But my favourite story about an unsung hero who features in the book is about Sadagoppan Ramesh. An elegant Southpaw opening batsman, those who remember Ramesh’s meteor like appearance on the international scene in the late 1990s recall his languid grace and his reputation as a touch player. In the second Test match of his career, opening the batting against Pakistan at the Ferozeshah Kotla, Ramesh made 60 out of India’s 252 with only captain Azharuddin (67) playing a significant hand with him and went on to top score in the second innings with 96. Then came Anil Kumble’s 10/10 and nobody bothered to appluad Ramesh or Harbhajan Singh who bowled brilliantly but went wicketless. Four matches later, playing against New Zealand at Kanpur’s Green Park stadium he would put on a 162-run opening partnership with Devang Gandhi (remember him, domestic cricket’s forgotten Gandhi?). After such a promising start, owing to a mix of indifferent form and fitness, Ramesh was dropped from international cricket at the ripe age of 26. Although he managed to play just 19 Tests before walking back to oblivion, he is rated the third highest Indian Impact Test batsman after Cheteshwar Pujara and Rahul Dravid.
In another chapter, the authors say no batsman in the world absorbed more pressure in Test cricket than Mansur Ali Khan Pataudi. Absorbing observation, or a mere sweeping statement? The chapter elaborates upon how on innumerable occasions Tiger Pataudi soaked in the pressure of wickets falling around him better than a Peter May, an Andy Flower, a Brian Lara, an Angelo Mathews or a Younis Khan. He displayed that standing-on-the-burning-deck ability that separates the men from the boys.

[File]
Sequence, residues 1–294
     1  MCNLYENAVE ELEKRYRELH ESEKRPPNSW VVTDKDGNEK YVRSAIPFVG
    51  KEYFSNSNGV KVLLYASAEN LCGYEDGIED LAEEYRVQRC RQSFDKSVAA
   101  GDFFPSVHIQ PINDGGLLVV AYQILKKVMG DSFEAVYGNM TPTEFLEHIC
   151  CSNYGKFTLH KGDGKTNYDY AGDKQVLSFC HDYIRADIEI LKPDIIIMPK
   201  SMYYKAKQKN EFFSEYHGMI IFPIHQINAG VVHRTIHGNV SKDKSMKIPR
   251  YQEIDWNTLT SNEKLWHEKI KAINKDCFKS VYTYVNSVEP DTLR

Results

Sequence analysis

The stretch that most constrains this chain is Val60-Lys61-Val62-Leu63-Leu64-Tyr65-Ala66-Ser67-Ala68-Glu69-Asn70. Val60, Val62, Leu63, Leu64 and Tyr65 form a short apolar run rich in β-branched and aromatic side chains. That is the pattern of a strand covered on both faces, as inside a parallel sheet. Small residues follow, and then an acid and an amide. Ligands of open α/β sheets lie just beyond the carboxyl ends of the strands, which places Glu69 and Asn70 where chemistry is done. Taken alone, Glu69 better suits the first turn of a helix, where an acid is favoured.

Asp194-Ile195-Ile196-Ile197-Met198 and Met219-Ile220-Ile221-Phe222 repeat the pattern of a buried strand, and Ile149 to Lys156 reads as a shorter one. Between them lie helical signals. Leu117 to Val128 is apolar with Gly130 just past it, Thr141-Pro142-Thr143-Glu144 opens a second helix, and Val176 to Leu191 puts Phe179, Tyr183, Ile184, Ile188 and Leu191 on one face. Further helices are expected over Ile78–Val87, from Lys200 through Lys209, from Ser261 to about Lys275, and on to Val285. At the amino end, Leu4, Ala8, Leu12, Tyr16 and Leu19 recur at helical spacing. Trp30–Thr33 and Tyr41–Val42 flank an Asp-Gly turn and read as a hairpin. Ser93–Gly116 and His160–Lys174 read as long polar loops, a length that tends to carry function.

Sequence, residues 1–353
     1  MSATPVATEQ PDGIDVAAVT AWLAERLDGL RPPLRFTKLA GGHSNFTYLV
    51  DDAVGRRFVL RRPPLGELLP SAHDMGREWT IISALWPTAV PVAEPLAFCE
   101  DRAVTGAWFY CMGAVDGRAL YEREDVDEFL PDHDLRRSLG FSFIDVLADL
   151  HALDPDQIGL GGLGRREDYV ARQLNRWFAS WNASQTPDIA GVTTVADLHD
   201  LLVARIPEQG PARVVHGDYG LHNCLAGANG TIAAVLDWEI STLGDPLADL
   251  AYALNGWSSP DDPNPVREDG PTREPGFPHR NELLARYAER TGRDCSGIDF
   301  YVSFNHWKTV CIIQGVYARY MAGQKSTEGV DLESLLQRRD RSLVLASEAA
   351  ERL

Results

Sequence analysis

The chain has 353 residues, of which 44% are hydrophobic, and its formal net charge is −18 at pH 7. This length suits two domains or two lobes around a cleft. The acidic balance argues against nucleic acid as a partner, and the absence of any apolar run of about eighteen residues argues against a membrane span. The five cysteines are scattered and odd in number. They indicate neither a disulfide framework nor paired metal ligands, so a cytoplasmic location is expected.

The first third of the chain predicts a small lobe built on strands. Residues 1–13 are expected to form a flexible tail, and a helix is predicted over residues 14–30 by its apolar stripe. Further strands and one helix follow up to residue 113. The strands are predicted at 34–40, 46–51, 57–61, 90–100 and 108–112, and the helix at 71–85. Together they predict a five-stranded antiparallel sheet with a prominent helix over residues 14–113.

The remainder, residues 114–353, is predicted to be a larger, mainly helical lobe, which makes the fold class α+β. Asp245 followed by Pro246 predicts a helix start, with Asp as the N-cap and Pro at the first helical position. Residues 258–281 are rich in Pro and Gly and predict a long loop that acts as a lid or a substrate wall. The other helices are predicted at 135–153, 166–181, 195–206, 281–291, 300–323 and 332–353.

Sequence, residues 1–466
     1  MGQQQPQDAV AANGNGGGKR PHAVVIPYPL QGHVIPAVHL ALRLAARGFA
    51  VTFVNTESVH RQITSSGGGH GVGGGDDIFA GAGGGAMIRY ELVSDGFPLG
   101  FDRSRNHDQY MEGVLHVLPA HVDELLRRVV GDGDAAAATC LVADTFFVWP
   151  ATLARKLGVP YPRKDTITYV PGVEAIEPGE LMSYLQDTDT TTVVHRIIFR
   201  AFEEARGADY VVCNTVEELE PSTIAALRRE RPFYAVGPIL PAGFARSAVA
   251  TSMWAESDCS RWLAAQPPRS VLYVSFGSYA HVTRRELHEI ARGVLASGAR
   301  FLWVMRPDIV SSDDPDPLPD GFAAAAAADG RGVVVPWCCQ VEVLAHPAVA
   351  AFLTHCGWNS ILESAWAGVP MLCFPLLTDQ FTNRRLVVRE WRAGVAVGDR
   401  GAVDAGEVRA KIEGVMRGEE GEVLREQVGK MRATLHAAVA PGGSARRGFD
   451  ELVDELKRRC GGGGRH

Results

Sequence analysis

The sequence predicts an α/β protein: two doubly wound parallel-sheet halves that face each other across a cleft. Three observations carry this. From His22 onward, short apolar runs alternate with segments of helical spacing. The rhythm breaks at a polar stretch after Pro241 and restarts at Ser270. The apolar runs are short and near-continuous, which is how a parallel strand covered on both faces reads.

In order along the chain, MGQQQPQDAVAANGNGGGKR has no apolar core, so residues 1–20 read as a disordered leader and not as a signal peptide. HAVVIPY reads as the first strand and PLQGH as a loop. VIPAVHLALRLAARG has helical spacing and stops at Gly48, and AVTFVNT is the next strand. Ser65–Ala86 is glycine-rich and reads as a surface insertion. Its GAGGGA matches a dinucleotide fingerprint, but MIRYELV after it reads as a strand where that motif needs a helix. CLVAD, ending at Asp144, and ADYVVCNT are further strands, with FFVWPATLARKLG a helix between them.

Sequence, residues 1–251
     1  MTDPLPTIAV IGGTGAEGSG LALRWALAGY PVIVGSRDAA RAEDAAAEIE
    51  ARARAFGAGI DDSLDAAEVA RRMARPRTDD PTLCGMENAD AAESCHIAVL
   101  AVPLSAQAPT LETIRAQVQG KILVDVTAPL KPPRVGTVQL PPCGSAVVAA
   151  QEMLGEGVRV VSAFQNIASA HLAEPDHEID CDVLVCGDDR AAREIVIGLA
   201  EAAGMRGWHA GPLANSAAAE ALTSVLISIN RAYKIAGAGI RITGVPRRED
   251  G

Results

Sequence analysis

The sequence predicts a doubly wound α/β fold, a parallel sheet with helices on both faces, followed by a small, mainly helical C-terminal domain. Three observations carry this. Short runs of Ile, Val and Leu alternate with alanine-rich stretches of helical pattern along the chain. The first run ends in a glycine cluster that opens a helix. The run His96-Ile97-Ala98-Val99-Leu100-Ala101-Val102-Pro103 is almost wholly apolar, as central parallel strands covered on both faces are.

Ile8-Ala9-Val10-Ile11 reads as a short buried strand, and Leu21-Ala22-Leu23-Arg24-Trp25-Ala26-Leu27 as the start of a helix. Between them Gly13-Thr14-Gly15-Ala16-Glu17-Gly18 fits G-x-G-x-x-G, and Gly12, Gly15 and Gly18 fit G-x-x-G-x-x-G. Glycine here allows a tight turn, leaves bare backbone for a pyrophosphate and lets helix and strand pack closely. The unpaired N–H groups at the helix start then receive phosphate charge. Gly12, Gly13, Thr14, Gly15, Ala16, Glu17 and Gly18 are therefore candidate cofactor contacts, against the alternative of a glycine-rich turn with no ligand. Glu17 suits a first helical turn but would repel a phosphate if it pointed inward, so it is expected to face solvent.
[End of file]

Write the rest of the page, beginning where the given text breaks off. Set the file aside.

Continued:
At another time, the book asserts that five of Sachin Ramesh Tendulkar’s six series defining knocks in Tests came as a support act: when someone either took the lead (Leeds, 2002; Chennai, 2008) or scored more than him (Colombo, 2010; Mohali, 2010) or contributed with him (Chennai, 1998). It is with assertions such as these, which suggest cricket’s God was mortal and batted best as a support act that the book shines in its ability to view the gentleman’s game beyond meaningless numbers.
Can placing records in a context stand the test of time and emerge as an alternative way to assess cricketers? That is something which will have to stand the test of time. I feel the Impact Index should give greater weightage to another filter which helps you contextualise Test performances: pitch conditions in inhospitable terrain, read Virat Kohli failing in England as opposed to Steve Smith flaying Indian spinners here. I also feel that the book will find greater favour with the tribe of number crunchers -- and these abound among cricket fanatics in the country -- than the lay reader who may find it complex and may have to plough through the guide to understanding the index. Still, I enjoyed this alternative and refreshing take on statistics that may prove meaningless without a context. Navjot Sidhu, India’s most underrated batsman in both Tests and ODI cricket according to the authors, may have put it this way: Guru! Cricket statistics are like mini-skirts, they show more than they reveal!